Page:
In 1971, Cardin redesigned the Barong Tagalog, a national costume of the Philippines, by opening the front, removing the cuffs that needed cufflinks, flaring the sleeves, and minimizing the embroidery. It was also tapered to the body, in contrast with the traditional loose-fitting design and it also had a thicker collar with sharp and pointed cuffs. A straight-cut design was favored by President Ferdinand Marcos.[10]

In 1975, Cardin opened his first furniture boutique on rue du Faubourg-Saint-Honore. His furniture designs were highly inspired by his fashion designs.[5] In both 1977 and 1979, he was awarded the Cartier Golden Thimble by French haute couture for most creative collection of the season.[8] He was a member of the Chambre Syndicale de la Haute Couture et du Prêt-à-Porter from 1953 to 1993.[clarification needed]

Like many other designers today, Cardin decided in 1994 to show his collection only to a small circle of selected clients and journalists. After a break of 15 years, he showed a new collection to a group of 150 journalists at his bubble home in Cannes.

A biography called "Pierre Cardin, his fabulous destiny" was written by Sylvana Lorenz.[11]


Pierre Cardin (brand)
Pierre cardin textlogo.png
Product typeFashion, perfume, jewellery, watches, pens[12]
OwnerPierre Cardin
Introduced1950; 70 years ago (1950)
Related brandsYves Saint Laurent

Pierre Cardin used his name as a brand, initially a prestigious fashion brand, then in the 1960s extended successfully into perfumes and cosmetics. From about 1988 the brand was licensed extensively, and appeared on "wildly nonadjacent products such as baseball caps and cigarettes".

Pierre Cardin-branded pen
Pierre Cardin-branded pen

A 2005 article in the Harvard Business Review commented that the extension into perfumes and cosmetics was successful as the premium nature of the Pierre Cardin brand transferred well into these new, adjacent categories, but that the owners of the brand mistakenly attributed this to the brand's strength rather than to its fit with the new product categories. The extensive licensing eroded the brand's credibility, but brought in much revenue; in 1986 Women's Wear Daily (WWD) estimated Cardin's annual income at over US$10 million.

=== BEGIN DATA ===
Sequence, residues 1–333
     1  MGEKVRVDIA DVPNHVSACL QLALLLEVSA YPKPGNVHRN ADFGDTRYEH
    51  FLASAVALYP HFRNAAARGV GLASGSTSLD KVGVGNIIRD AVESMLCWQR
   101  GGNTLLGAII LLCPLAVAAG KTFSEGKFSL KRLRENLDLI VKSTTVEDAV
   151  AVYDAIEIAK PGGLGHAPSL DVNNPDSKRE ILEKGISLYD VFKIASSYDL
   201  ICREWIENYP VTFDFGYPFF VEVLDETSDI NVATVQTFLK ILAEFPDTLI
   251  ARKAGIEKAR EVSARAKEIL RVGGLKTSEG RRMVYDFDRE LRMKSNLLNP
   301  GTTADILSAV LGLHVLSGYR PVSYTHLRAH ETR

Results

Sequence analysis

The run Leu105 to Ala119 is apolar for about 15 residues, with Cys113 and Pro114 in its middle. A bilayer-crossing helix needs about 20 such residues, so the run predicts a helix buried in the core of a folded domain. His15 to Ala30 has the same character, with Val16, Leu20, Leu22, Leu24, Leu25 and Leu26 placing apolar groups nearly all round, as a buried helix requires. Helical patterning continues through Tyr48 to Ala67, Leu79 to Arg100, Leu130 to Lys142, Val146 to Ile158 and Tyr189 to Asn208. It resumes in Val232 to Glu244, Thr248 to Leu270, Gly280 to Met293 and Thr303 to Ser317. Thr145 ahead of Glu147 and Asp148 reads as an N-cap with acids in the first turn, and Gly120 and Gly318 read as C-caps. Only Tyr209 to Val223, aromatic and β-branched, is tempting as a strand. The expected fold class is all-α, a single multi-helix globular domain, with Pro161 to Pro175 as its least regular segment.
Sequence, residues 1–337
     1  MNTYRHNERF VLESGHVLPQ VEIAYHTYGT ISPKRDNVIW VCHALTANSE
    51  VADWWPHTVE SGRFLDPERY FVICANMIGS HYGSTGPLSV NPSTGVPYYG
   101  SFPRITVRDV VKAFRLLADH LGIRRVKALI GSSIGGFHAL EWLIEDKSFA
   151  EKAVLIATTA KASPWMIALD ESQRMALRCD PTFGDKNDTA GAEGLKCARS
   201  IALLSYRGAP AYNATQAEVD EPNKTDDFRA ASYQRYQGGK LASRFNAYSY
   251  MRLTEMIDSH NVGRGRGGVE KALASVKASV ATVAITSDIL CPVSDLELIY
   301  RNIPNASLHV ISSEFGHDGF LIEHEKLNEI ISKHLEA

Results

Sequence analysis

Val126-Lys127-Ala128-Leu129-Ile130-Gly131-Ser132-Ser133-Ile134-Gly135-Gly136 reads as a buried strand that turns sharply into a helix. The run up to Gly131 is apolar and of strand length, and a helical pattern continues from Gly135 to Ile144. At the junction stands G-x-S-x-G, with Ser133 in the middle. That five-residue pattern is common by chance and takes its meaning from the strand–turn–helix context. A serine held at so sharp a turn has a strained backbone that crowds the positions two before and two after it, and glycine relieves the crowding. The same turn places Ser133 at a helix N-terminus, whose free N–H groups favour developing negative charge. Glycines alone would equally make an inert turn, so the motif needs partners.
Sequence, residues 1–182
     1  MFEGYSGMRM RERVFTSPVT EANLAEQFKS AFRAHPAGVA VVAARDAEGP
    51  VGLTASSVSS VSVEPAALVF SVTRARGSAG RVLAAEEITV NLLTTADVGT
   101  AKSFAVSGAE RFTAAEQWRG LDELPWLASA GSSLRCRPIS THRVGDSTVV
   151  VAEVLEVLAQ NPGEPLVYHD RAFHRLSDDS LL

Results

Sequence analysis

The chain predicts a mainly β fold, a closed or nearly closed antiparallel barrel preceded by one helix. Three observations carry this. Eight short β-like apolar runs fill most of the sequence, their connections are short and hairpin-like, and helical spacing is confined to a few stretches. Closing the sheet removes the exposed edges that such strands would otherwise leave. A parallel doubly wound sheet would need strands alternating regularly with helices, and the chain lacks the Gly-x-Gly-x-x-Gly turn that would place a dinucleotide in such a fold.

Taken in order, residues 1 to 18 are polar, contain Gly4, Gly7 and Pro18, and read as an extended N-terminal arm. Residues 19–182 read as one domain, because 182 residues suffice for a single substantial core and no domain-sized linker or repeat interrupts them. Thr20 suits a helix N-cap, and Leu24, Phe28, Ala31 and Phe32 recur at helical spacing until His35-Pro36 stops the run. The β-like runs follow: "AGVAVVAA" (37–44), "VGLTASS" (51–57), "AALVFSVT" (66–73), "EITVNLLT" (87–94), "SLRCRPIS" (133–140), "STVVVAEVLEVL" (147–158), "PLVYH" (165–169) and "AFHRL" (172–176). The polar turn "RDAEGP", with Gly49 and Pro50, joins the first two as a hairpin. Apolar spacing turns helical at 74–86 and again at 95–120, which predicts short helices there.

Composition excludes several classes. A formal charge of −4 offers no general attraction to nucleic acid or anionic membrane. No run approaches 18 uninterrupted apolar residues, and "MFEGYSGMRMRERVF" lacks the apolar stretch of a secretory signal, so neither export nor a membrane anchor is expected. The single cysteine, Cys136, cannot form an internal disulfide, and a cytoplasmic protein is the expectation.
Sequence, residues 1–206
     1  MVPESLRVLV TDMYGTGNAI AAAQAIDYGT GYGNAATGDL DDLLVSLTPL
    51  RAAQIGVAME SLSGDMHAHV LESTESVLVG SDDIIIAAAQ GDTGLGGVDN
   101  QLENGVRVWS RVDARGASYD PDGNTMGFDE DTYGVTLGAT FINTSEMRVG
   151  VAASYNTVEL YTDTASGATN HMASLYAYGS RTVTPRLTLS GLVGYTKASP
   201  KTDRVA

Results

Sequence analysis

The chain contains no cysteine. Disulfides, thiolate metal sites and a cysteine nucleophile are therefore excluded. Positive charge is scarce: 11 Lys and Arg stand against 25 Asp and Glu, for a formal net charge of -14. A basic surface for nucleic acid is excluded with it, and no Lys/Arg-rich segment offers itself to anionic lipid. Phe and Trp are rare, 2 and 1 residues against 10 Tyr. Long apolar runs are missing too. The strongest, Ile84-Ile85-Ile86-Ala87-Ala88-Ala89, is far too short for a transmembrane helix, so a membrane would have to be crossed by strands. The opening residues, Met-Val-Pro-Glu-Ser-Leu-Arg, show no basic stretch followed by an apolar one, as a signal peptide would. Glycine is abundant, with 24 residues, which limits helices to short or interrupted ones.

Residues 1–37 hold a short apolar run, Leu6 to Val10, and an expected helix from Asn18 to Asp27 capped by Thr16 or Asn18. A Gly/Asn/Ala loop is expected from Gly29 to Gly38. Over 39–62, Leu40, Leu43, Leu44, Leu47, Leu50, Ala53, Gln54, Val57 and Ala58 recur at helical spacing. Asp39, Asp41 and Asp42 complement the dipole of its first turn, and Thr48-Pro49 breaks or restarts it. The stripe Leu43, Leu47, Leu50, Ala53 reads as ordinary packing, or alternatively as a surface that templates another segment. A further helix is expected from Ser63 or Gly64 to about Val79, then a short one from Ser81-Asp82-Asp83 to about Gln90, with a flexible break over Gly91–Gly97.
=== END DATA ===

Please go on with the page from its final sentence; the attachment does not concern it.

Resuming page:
In 1995, quotes from WWD included "Pierre Cardin—he has sold his name for toilet paper. At what point do you lose your identity?" and "Cardin's cachet crashed when his name appeared on everything from key chains to pencil holders". However, the Cardin name was still very profitable, although the indiscriminate licensing approach was considered a failure.[13][14]

In 2011, Cardin tried to sell his business, valuing it at €1 billion, although the Wall Street Journal considered it to be worth about a fifth of that amount. Ultimately he did not sell the brand.[14]


Cardin interior in a 1972 AMC Javelin
Cardin interior in a 1972 AMC Javelin

Cardin entered industrial design by developing thirteen basic design "themes" that would be applied to various products, each consistently recognizable and carrying his name and logo. He expanded into new markets that "to most Paris fashion designers ... is rank heresy."[15]

The business initiatives included a contract with American Motors Corporation (AMC).[15] Following the success of the Aldo Gucci designed Hornet Sportabout station wagon interiors, the automaker incorporated Cardin's theme on the AMC Javelin starting in mid-1972.[16] This was one of the first American cars to offer a special trim package created by a famous French fashion designer. It was daring and outlandish design "with some of the wildest fabrics and patterns ever seen in any American car".[17]

The original sales estimate by AMC was for 2,500 haute couture "pony" and muscle cars.[18] The special interior option was continued on the 1973 model year Javelins.[19] During the two model years, a total of 4,152 AMC Javelins received this bold mirrored, multi-colored pleated stripe pattern in tones of Chinese red, plum, white, and silver that were set against a black background.[20] The Cardin Javelins also came with the designer's emblems on the front fenders and had a limited selection of exterior colors (Trans Am Red, Snow White, Stardust Silver, Diamond Blue, and Wild Plum) to coordinate with the special interiors.[21] However, 12 Cardin optioned cars were special ordered in Midnight Black paint.[20]

Other interests[edit]

Pierre Cardin with the sculptures Cobra Table and Chair, 2012
Pierre Cardin with the sculptures Cobra Table and Chair, 2012